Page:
A list of strains with their genotype description is provided in Table 1. B. subtilis and E. coli cultures were grown in Luria Bertani (Hi Media Laboratories Pvt. Ltd., Mumbai, India) medium at 37°C and shaking at 200 rpm. Bacillus subtilis was also grown in Tris base medium (TSS) [13]. Unless stated, 10 g/L of glucose was used for growth studies. When required, ampicillin (100 μg/mL) and chloramphenicol (25 μg/mL) were used for selection of E. coli strains (Sigma Chemical Co., USA). Chloramphenicol (5 μg/mL) was used for selection of Bacillus strains.

Table 1: List of plasmid, strains, and their sources.

Unless otherwise mentioned, all chemicals were purchased from Sisco Research Laboratory Pvt. Ltd., Mumbai, India. Standard cloning protocols were followed in Escherichia coli and Bacillus subtilis, as described in Sambrook et al., 1989, and Harwood and Cutting, 1990, respectively.

2.2. Acetolactate Synthase Assay

For preparation of crude lysates, a single colony of BS7431 and BS7432 was transferred into 10 mL LB with appropriate antibiotic and incubated at 37°C for 16 hrs. 1 mL of this culture was transferred into 100 mL of LB in a 500 mL flask and was incubated at 37°C till an OD600 ~ 0.1. From each flask, 10 mL of the culture was aliquoted into each of 6 test tubes. In three of these tubes cultures were induced using 3 mM IPTG; the rest were used as control. After 6 hrs of incubation at 37°C, cells were pelleted down by centrifugation at 16000 g for 5 min (Hettich Zentrifugen, Micro 220R). Pellets were dissolved in a buffer containing 0.05 M HEPES (Sigma Chemical Co., USA) and 0.1 M KCl. For lysis, 1 mg of lysozyme and 10 μL of protease inhibitor cocktail (Fermentas, USA) were then added and the mixture was incubated for 1 hr at 4°C. To rupture cells, 15–20 cycles of sonication with 30 seconds pulses (at 30-second intervals) were performed (Branson, Model 250). Sonicated samples were then centrifuged for 45 min at 16000 g to remove cell debris. For storage, 25% of glycerol was added to the supernatant.

The ALS activity assay was performed as per Holtzclaw et al., 1975, with some modifications. The reaction mixture for this assay contained 100 mM of K2HPO4 pH 7.0, 20 μM potassium pyruvate (Sigma Chemical Co., USA), 10 μM MgCl2, and 80 μg/mL TPP (Himedia Laboratories Pvt. Ltd., Mumbai, India). The reaction was initiated on addition of 0.1 mL crude lysate and incubated for 15 min at 37°C. The reaction was terminated with 0.1 mL of 8 N H2SO4 (E. Merck, India). As a control, the crude lysate was added after the addition of H2SO4. The reaction mixtures were centrifuged for 25 min at 16000 g to precipitate the protein. The supernatant was incubated for 30 min at 37°C. 0.5 mL of supernatant was transferred to 0.1 M creatine and α-naphthol solution [15]. The reaction mixture was then incubated at 37°C for 10 min and the absorbance was measured at 540 nm. An enzyme unit is a measure of synthesis of 1 mole of acetoin. Specific activity of ALS was measured as the enzyme activity per milligram of total protein.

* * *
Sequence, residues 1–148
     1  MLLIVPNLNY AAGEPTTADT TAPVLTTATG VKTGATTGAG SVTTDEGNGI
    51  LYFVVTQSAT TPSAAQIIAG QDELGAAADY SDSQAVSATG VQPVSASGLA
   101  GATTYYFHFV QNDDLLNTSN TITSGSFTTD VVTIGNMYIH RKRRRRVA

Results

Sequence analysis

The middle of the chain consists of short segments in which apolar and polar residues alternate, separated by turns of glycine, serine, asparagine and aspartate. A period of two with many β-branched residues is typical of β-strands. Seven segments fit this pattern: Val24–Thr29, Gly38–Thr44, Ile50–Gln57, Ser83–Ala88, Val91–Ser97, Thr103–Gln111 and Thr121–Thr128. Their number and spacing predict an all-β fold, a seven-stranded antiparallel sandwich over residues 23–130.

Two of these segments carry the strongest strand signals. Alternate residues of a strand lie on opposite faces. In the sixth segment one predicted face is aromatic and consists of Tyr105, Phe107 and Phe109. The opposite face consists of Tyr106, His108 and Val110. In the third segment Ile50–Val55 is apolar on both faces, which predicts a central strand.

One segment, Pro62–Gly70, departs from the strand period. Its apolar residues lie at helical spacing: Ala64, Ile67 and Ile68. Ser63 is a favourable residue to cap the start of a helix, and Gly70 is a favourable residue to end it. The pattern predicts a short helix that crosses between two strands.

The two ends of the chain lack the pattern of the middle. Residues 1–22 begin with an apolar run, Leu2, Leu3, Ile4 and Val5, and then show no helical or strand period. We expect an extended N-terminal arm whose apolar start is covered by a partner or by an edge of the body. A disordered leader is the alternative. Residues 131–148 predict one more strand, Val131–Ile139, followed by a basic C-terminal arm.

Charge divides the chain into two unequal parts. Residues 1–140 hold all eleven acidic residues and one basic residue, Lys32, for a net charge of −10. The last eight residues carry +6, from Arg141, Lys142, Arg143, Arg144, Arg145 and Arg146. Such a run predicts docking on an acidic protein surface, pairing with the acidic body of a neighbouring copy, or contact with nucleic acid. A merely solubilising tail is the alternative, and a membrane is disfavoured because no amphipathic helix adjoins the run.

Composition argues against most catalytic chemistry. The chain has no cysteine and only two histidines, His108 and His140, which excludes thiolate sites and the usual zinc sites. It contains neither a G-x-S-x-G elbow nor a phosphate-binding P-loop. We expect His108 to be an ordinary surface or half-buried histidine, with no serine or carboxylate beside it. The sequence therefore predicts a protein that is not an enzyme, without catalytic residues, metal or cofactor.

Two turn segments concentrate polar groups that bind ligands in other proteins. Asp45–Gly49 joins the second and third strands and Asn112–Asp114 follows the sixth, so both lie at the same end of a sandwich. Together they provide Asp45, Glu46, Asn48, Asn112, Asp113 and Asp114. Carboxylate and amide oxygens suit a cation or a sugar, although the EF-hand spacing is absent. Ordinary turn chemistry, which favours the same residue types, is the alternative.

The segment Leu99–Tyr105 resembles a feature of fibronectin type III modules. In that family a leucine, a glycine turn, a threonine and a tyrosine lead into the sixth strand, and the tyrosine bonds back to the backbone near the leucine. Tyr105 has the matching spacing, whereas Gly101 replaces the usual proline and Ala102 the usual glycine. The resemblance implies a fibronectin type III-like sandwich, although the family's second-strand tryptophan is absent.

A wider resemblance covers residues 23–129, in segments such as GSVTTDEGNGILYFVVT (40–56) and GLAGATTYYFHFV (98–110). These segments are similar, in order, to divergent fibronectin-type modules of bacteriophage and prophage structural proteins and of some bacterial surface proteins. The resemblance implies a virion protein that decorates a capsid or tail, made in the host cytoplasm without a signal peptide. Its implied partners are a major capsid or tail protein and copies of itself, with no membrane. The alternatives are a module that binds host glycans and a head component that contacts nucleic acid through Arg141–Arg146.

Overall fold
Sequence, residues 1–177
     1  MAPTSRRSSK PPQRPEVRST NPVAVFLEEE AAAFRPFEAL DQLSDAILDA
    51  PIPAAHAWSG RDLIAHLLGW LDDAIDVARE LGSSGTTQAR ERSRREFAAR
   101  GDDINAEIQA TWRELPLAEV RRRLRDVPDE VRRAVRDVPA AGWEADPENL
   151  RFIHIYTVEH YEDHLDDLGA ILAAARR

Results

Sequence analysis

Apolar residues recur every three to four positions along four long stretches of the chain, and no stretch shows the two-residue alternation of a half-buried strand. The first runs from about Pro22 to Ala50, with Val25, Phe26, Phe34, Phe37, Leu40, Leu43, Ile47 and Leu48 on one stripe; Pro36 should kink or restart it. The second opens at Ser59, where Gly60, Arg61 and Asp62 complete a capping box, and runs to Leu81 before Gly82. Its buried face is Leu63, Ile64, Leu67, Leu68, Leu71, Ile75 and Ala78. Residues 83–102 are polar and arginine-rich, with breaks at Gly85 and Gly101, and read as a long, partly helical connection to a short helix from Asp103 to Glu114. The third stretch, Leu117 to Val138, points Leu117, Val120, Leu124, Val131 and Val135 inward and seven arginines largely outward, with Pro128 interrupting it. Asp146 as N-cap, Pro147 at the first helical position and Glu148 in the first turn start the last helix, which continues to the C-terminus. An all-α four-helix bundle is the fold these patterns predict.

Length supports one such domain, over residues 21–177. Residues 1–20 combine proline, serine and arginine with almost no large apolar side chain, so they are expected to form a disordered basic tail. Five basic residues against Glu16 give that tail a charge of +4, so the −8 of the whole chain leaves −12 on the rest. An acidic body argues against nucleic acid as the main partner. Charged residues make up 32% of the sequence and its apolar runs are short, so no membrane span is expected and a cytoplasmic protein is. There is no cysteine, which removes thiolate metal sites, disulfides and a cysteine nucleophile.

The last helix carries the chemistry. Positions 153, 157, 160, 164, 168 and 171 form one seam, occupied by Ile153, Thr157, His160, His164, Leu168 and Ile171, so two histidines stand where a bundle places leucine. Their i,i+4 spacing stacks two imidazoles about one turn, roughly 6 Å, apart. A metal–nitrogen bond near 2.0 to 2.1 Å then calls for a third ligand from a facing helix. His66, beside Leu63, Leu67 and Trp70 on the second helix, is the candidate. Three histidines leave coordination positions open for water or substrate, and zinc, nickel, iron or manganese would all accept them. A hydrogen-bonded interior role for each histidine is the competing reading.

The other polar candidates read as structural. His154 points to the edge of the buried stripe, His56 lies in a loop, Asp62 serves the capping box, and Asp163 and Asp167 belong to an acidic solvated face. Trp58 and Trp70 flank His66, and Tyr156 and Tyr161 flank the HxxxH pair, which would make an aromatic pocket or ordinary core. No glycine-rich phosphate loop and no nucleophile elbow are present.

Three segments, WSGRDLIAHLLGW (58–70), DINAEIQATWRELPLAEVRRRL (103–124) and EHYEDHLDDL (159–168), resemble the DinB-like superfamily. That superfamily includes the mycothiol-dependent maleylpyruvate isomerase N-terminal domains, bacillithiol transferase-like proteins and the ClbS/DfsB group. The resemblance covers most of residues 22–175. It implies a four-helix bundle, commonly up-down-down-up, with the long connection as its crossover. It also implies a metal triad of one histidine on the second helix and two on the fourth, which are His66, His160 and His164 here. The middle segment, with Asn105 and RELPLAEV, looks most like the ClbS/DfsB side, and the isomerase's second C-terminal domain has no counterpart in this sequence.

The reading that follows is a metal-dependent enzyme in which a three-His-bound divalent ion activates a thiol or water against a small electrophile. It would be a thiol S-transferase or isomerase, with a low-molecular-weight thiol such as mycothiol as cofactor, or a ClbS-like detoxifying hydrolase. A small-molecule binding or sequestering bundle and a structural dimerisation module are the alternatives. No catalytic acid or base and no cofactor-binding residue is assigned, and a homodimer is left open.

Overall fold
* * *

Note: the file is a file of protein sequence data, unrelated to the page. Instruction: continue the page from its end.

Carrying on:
2.3. Cultivation Experiments

The wild-type and recombinant strains of Bacillus subtilis 168 were inoculated in LB (10 mL) and grown overnight at 37°C and 200 rpm. 1 mL of this overnight culture was pelleted down and washed with 0.1 M phosphate buffer saline. This washed pellet was used to inoculate 100 mL of TSS medium containing the desired carbon concentration and pH conditions as required for specific experiments. Samples for measurement of OD and metabolite were taken at 5 hr intervals until the glucose was exhausted and utilization of acetoin had started. Where required, cells were induced on addition of 3 mM IPTG (Fermentas, USA) at OD600 ~ 0.2. Metabolite concentrations were measured immediately without storing samples.